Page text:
Our guide mentioned that one of the monkeys fell in love with him, or it was more like an infatuation, I thought it was really cute, Time was limited so we could not visit the sanctuary for a very long period to fully grasp everything that takes place there. On our way out of the sanctuary the Spider monkey was there to bid farewell to use in style, this monkey literally maneuvres like a spider and it sure was a little frightening. What a great way to end off our time there!

Right next to Monkeyland is the World of Birds Wildlife sanctuary where we had stopped for a few minutes. It is the largest bird park in Africa and hosts over 3000 birds. This parks' layout is topical and filled with numerous trees, very green indeed. I love the bridge walkways leading to the various corners of the park and enable you to see the free roaming birds. The birds tend to fly away when you start taking too many pictures, it sucked as I tried to get the right angle! A few of my favourite birds here were the white and black Swans, Flamingos, Ducks, Cranes, Guineafowl and Lorikeets.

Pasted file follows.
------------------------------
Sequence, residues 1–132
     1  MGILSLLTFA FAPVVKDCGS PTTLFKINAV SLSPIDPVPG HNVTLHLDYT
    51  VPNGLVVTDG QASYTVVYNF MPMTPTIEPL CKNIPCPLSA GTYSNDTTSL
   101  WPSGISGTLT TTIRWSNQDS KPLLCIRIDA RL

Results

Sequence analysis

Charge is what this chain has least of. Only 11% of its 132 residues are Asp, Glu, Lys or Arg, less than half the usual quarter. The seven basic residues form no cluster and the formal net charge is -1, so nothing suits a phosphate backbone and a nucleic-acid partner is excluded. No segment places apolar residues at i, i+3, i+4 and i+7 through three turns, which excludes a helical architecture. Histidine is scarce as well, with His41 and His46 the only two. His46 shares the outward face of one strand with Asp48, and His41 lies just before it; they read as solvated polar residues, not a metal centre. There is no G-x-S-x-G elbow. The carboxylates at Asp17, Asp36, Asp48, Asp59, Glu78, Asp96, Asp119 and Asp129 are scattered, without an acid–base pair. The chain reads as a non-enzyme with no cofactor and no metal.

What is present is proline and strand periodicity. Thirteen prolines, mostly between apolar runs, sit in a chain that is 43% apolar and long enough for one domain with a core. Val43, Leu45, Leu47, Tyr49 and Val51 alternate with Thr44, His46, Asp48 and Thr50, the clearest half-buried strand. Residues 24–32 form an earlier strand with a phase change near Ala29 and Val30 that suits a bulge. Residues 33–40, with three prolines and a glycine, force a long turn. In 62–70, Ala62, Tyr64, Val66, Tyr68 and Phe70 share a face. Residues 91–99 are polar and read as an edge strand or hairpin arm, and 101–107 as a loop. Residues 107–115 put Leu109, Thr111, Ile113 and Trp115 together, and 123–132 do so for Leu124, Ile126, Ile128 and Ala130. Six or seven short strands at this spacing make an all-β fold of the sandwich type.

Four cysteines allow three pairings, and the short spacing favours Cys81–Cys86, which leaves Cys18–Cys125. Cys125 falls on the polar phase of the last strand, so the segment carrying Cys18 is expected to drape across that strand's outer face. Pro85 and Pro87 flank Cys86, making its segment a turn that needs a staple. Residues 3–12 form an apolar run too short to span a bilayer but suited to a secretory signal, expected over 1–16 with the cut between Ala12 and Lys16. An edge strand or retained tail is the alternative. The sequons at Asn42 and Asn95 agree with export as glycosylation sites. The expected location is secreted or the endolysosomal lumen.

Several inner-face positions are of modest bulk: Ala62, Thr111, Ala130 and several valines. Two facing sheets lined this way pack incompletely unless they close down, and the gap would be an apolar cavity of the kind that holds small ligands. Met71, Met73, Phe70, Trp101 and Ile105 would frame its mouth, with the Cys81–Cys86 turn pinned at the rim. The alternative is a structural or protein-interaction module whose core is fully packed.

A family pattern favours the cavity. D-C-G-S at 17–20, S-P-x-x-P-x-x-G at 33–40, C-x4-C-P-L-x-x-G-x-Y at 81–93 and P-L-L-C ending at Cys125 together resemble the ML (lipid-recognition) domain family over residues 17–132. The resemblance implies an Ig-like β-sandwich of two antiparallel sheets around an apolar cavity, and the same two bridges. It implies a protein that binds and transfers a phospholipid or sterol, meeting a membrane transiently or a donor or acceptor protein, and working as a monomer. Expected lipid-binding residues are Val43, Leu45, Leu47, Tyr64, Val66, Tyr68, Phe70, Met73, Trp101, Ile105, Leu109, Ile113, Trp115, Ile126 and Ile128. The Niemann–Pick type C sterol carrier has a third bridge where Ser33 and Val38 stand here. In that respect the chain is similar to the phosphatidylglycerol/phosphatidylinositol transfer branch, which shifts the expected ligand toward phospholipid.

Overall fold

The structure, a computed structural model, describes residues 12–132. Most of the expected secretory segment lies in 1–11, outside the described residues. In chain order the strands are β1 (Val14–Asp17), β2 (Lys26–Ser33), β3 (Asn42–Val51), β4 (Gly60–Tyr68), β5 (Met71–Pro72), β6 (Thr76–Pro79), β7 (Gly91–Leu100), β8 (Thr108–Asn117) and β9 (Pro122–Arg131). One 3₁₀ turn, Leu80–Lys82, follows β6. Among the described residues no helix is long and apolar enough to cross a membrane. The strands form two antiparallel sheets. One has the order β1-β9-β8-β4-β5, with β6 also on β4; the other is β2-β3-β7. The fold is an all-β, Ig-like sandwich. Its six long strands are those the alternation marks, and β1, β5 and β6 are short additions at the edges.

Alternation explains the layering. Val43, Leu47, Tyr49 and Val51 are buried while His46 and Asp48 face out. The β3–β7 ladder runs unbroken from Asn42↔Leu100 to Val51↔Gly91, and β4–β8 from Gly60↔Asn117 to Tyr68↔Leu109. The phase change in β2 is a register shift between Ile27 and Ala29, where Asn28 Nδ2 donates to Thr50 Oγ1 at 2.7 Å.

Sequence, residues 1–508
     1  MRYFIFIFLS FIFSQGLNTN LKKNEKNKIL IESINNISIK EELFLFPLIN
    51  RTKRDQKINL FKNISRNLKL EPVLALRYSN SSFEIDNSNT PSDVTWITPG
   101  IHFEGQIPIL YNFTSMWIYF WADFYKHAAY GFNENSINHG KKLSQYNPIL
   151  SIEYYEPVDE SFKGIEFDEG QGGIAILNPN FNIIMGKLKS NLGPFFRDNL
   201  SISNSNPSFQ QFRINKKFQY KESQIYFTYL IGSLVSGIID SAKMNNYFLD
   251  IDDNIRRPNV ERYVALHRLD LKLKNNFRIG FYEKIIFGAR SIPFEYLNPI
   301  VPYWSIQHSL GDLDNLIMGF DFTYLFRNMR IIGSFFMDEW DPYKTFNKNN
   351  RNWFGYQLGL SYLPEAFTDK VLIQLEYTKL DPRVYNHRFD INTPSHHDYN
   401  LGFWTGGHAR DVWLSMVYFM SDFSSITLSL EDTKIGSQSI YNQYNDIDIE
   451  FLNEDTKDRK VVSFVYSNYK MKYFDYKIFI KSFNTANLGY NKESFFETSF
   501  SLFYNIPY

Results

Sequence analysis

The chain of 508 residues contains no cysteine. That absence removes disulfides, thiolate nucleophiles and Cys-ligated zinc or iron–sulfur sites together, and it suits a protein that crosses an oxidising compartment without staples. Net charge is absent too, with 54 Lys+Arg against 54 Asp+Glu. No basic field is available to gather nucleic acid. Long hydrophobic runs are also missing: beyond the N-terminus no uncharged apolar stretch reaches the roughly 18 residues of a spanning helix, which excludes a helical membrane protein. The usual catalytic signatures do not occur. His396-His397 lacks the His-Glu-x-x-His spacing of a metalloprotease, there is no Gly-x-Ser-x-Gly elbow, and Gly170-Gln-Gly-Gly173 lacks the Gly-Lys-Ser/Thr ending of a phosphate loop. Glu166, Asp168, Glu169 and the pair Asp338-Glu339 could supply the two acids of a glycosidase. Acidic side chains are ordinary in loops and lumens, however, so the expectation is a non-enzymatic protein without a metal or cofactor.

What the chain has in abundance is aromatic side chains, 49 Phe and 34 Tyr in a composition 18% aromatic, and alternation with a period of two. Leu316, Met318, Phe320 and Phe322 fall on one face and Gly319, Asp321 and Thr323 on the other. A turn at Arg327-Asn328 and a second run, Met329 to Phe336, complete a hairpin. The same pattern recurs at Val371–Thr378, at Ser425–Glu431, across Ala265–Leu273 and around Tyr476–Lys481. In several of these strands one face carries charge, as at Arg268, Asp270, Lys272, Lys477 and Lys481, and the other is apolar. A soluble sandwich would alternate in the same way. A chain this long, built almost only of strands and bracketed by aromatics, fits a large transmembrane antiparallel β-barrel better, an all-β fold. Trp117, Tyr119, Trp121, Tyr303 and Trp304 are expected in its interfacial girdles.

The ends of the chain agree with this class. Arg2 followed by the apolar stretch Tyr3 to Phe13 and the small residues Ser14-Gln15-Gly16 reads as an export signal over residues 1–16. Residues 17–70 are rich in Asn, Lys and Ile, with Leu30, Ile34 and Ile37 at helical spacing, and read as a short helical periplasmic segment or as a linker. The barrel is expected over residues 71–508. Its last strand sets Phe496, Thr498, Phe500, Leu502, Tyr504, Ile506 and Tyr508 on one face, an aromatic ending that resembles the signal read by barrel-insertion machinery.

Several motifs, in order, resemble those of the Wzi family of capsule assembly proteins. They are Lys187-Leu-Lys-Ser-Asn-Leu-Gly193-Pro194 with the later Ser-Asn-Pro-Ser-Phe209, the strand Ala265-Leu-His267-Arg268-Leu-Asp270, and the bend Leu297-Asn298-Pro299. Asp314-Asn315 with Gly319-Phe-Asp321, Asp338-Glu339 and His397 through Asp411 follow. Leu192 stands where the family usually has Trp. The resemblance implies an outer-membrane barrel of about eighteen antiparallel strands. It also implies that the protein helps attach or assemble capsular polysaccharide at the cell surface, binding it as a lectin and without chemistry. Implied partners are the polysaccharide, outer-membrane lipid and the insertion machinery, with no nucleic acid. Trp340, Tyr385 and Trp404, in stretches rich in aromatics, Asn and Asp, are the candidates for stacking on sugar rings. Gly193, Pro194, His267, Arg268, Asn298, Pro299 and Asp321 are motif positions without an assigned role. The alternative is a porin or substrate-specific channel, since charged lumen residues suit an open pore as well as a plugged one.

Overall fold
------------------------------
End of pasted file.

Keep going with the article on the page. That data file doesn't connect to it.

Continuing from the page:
If you're into birds and monkeys, this sure is an ideal addition to your bucket-list / wish-list whatever you would call your list.

Till the next write up!

Monday, 15 June 2015

216m Jump!

They say bungee jumping is pretty cray-cray right?!

I can't believe I jump off the highest commercial bungee jumping stop in the world, the Bloukrans Bridge which is right above the Bloukrans river and is approximately (216 m/709 feet. Seems a little frightening but believe me the thrill during the jump is exhilarating (the entire notion of R-Kelly's I believe I can fly definitely makes perfect sense here!).